The Purr-fect finish …
We’re here! The 50th anniversary of Batman’s TV debut! Adam West and Burt Ward started it all on Jan. 12, 1966.
For the last 13 days, we’ve counted down our Top 13 episodes. Gotta tell you, it’s been worlds of Batfun. So continue to bring on those comments — either here or in whichever social-media thread you found this. We want to hear your thoughts!
And for more info on our latest Batman ’66 celebration, click here.
Now, in case you missed them:
13. True or False Face/Holy Rat Race (click here!)
12. Green Ice/Deep Freeze (click here!)
11. The Wail of the Siren (click here!)
10. That Darn Catwoman/Scat! Darn Catwoman (click here!)
9. A Piece of the Action/Batman’s Satisfaction (click here!)
8. Surf’s Up, Joker’s Under (click here!)
7. The Contaminated Cowl/The Mad Hatter Runs Afoul (click here!)
6. Instant Freeze/Rats Like Cheese (click here!)
5. Pop Goes the Joker/Flop Goes the Joker (click here!)
4. Fine Feathered Finks/The Penguin’s a Jinx (click here!)
3. The Joker Goes to School/He Meets His Match, the Grisly Ghoul (click here!)
2. Hi Diddle Riddle/Smack in the Middle (click here!)
Finally, No. 1 …
The Purr-fect Crime/Better Luck Next Time. There’s one. Just one. Just one episode of Batman ’66 that gives you everything you want from this show: Adventure, humor, drama, camp, great music, an epic deathtrap, a magnificent villain, enormous amounts of sex appeal and, yes, even pathos.
As great as this series is on so many levels to so many people for so many different reasons, Julie Newmar’s debut as Catwoman is the only episode that has it all.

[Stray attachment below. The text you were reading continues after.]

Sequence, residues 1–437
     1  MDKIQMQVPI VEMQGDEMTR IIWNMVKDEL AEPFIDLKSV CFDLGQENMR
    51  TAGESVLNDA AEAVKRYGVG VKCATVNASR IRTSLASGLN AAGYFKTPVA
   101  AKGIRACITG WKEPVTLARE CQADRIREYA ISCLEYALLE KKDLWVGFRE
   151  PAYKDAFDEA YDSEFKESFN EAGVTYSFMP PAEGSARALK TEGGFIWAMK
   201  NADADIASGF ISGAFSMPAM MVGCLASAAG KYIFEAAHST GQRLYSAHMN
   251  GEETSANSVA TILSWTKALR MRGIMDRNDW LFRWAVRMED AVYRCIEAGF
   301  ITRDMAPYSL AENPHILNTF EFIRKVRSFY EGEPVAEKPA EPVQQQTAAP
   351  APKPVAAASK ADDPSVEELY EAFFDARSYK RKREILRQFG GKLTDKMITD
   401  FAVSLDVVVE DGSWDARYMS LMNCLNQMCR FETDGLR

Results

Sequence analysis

I’ll start at the middle: The extended death-trap sequence, from the moment when Batman and Robin are lured into the dungeon toward the end of Part 1, all the way through to Robin’s rescue in Part 2, is hands down the best 10-12 minutes of sheer entertainment the show ever produced.
The fake bomb, the spikes on the wall as they close in, the discovery that the spikes are fake, Robin’s kidnapping via pneumatic tube, “the lady or the tiger,” the tiger, Batman’s defeat of the tiger, Batman’s trip through the catacombs, Robin dangling over the pit of tigers, Batman swinging in to rescue him, Catwoman taunting them through it all. Brilliant, exciting, electric. The show was never better.
Julie Newmar was the first Catwoman but owned the role so thoroughly that all others who followed her were basically doing a variation of what she perfected immediately in 1966.
But this is more than just Julie Newmar’s splendid performance. This is a taut caper — written by Stanley Ralph Ross and Lee Orgel and directed by James Sheldon— that highlights the show’s entertaining strengths while reining in what would become its worst impulses: It’s witty without being silly.
It also highlights what’s become an internal, informal theme for me as I’ve written about the 13 episodes on this countdown: Some of the show’s best, most compelling moments are night scenes, or at least scenes in darkened spaces. For a show known for its bright hues, it was often at its most interesting in shadow. Perhaps that owes something to Batman’s roots or perhaps night in Gotham City always seemed so glamorous.
Though it’s highly unlikely, I like to think that the producers of GAF’s View-Master reels knew precisely what they were doing when they selected this episode to be the one immortalized in stereoptic glory for a generation of fans for whom VCRs and DVRs and Blu-rays were years away. With View-Master, I was able to “watch” this episode over and over, committing scenes to memory.
Perhaps that’s why I remember this one so clearly. More likely, I remember this one so clearly because it’s so clearly memorable.
In every way, this episode stands up across the decades as the show’s Platonic ideal.
Now, check out our 50th anniversary interview with JULIE NEWMAR about landing the role of a lifetime. Click here!